The Omicron Matter – Changes in Plans – Consequences Were Expected


A new entry in the Omicron Matter – Changes in Plans, Changes in Courses. Alfred Redman accompanied John Smith and Sioubus At as Winifred and Findley were displayed and bargained over.  Smith found a solution that will be unpleasant and unacceptable to Winifred Stanhope. Alfred had tried to warn her. Now he is facing a choice, does he stay or does he follow Winifred into captivity.  As far Smith is concerned, he will not be joining her. Alfred is not so sure.

For those who are new to the Omicron Matter, the book home page is a good place to start.

Author’s note

After Monday’s short entry, I feel less bothered by this long one. This chapter has a number of shorter entries as action switches back and forth.  This long sequence seems forgivable. However, action junkies will be disappointed.  What does one do with a brilliant person whose ambition is to take over the world? I doubt any prison would hold Winifred for long. And if it did, she would probably be running the black market and have several guards on payroll. It is what she does.

For your enjoyment, look for more on Friday

Consequences were expected

Alfred watched the aliens leave. All four principles had purchased the Omicron drives. The assembly line on Morgaine’s ship would be busy for weeks. John Smith turned to him and said, “Join me for a brandy, Mr. Redman. Morgaine’s rabble is celebrating at some local pub and Carter-has been invited.”  Alfred raised an eyebrow.  Smith smiled, “Mr. O’Malley and Miss Weiz have assured his safety with Morgaine’s less temperate crew members.”  He turned and walked up the ramp into the ships portal and said, “So it is just the two of us…unless you wish to join Liam O’Hannigan.”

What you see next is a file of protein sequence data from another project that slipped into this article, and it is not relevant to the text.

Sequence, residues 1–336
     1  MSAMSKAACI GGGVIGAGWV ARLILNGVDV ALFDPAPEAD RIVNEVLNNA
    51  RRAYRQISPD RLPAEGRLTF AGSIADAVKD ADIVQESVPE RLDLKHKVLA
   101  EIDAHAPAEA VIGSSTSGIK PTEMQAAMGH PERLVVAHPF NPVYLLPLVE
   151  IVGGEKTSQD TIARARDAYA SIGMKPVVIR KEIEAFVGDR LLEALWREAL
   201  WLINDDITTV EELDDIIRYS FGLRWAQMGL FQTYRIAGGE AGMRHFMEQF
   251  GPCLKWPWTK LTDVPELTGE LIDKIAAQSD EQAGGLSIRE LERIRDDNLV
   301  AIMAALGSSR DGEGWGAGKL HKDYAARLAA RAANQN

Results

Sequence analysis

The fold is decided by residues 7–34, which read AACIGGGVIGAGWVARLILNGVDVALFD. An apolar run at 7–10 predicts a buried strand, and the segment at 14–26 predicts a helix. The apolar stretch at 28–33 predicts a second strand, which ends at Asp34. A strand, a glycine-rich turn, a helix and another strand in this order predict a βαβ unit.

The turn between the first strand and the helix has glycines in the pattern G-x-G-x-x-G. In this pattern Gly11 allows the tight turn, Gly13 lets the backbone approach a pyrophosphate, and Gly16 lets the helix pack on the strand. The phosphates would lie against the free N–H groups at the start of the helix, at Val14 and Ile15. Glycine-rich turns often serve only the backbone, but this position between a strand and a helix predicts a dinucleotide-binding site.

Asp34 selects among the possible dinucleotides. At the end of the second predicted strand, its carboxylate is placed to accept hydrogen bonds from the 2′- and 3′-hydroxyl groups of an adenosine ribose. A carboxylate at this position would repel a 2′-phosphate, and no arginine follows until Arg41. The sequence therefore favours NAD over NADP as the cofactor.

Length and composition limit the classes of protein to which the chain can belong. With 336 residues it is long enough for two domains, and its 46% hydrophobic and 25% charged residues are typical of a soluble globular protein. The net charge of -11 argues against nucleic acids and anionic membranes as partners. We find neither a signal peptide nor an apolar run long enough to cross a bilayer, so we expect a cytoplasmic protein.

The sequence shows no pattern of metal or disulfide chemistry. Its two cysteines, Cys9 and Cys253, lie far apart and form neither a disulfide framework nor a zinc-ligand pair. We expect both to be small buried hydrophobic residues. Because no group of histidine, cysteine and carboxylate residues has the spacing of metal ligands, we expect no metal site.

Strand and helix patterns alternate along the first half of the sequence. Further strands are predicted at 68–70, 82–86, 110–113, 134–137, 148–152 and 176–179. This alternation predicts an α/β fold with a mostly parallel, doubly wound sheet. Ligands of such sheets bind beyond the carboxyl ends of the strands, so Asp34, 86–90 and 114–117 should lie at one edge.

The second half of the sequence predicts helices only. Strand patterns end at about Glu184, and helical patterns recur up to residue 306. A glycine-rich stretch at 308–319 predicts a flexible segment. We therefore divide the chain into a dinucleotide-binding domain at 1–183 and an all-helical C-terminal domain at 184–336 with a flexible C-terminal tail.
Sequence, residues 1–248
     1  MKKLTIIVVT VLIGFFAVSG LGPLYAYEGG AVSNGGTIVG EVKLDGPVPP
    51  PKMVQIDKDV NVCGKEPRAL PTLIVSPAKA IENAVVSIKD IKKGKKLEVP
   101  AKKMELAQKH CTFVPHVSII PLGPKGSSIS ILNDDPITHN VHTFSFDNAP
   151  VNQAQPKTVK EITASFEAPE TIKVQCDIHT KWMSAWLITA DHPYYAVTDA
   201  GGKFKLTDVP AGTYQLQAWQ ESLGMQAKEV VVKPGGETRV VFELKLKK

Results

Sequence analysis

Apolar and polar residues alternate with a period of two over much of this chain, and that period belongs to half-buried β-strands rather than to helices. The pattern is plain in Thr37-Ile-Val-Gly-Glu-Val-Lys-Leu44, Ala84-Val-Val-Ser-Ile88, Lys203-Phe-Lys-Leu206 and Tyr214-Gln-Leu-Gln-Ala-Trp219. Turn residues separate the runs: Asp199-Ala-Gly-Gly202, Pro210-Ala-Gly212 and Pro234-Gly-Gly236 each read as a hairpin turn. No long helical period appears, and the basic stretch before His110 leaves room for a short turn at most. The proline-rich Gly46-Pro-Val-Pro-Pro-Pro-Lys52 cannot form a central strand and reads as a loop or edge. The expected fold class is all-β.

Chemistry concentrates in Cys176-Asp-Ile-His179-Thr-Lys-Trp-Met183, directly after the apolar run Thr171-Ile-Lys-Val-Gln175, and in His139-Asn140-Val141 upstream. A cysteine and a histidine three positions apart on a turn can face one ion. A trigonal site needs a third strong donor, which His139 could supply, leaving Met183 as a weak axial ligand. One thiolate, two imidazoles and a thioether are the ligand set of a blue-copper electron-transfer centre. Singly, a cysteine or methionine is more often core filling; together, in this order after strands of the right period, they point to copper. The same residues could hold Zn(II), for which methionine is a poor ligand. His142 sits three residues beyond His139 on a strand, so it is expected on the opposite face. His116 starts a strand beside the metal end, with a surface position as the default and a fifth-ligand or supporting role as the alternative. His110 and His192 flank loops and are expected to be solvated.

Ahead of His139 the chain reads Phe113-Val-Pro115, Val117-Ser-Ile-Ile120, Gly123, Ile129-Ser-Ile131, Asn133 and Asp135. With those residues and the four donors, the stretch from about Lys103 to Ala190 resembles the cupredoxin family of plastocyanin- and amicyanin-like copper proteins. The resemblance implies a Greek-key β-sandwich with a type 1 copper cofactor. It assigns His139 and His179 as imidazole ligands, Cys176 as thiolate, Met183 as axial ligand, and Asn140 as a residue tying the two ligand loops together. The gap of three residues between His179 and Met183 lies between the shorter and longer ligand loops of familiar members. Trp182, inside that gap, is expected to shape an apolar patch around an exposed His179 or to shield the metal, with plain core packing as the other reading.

Alfred had been invited to the pub by Liam O’Hannigan ostensibly to celebrate, but it was clear there would be conversation with Iti Greeneyes and others about what happens next. But the tour of the cabins required Alfred’s response.  Alfred straightened and said, “A brandy will be a fine finish to the day,” and followed Smith to the bridge.

Smith poured out two snifters and sat in the pilot’s chair with his feet on the console.  Alfred took the second glass and sat in a relaxed way in the communications station.  Smith raised his glass and said, “To successful ventures.”  Alfred raised his glass and sipped the fine brandy.  It had full caramel test with a hint of fruit and flower. Smith said, “Camille has fits when I drink on the bridge.  The only time I can properly enjoy this station is when she is off.”  Alfred smiled at the idea that Smith was bullied by anybody, although a hyper intelligent machine seemed high on the list of possibilities.  Smith said, “Between Morgaine and myself, we have contracts for 40 of the Omicron devices plus training. Suffice it to say, even with a small percentage, you are now a very rich man, Alfred Redman.”